Then the work was wired to hang from the 1/2 bar that was placed across the diameter of the bucket top. The work was inspected to make sure nothing was touching the scrap steel assembly.

      With those details of positioning accomplished, the bucket was filled with warm water. The washing soda was mixed up with water in a quart jar, and then poured into the bucket. More washing soda does no good, it's just carrying electrons, they are light ;-)

      The battery charge was connected - lead to the work, + lead to the daisy chain of scrap, and then turned on.

      The amp meter went up to about 1.5 amps for the work I was doing. It's all surface area dependent.

      I left the heavily rusted parts to work for extended hours. 8-12. Then the parts were pulled from the solution and rinsed and scrubbed. They came out looking like new forgings!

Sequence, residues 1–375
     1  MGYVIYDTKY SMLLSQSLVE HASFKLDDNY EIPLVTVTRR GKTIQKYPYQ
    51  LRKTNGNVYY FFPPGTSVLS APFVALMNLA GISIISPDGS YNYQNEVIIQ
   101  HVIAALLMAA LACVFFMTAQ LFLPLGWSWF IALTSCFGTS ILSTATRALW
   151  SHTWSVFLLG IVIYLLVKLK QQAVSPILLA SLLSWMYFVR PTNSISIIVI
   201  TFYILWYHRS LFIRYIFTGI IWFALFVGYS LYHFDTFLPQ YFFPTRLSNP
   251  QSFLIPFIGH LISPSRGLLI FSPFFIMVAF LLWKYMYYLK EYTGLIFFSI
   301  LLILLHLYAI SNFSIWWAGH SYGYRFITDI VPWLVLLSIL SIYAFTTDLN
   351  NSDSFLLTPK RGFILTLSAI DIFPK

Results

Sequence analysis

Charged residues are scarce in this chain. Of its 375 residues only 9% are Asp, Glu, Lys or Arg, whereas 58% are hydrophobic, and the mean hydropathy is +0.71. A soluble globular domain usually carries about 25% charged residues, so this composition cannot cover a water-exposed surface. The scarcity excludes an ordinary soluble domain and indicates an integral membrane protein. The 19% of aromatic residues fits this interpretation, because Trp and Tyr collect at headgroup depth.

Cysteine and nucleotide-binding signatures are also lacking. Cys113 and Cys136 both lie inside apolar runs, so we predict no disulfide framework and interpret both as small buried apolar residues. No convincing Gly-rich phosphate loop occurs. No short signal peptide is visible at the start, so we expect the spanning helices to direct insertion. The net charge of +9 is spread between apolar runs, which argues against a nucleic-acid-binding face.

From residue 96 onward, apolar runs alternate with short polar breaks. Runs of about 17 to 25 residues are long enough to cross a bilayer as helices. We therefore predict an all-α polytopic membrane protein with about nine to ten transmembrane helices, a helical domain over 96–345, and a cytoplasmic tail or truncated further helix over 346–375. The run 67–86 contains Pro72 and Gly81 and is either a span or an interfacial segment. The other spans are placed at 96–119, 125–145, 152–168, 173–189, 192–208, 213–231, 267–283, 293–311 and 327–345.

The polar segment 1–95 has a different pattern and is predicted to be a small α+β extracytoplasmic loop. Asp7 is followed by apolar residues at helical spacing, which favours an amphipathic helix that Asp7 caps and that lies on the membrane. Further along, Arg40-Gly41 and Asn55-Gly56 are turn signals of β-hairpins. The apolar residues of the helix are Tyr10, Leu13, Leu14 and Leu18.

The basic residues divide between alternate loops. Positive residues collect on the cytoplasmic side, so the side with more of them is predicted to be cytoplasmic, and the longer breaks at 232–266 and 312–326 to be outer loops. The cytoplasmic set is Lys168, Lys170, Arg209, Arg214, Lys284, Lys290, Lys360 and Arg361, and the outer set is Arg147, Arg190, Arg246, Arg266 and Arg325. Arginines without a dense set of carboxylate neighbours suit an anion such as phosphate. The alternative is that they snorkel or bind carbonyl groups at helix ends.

There is a lot of smut and gunk associated with the process. Rust is voluminous.

      The work can be cleaned and evaluated over and again. No issues.

      Bubbles form over the active work. Hydrogen and oxygen are being split out from the water.
      Don't be concerned about explosions at 1-5 amp levels.

      The waste can be dumped just about anywhere ... it's not toxic or hazardous, but it does leave a mark!

      Have fun. Lots of Utube stuff on the topic.

      Comment


      • #4
        I didn't find rebars as sacrificial anodes very satisfactory. They erode rather quickly, they're time-consuming to set up and to clean, and you need a lot of them to provide sufficient effective area.

        Steel plates are much better, IMO. I find two plates six inches wide provide sufficient area for a 20 gallon container. They should be long enough to rest on the bottom and extend above the waterline so the connection can be made there.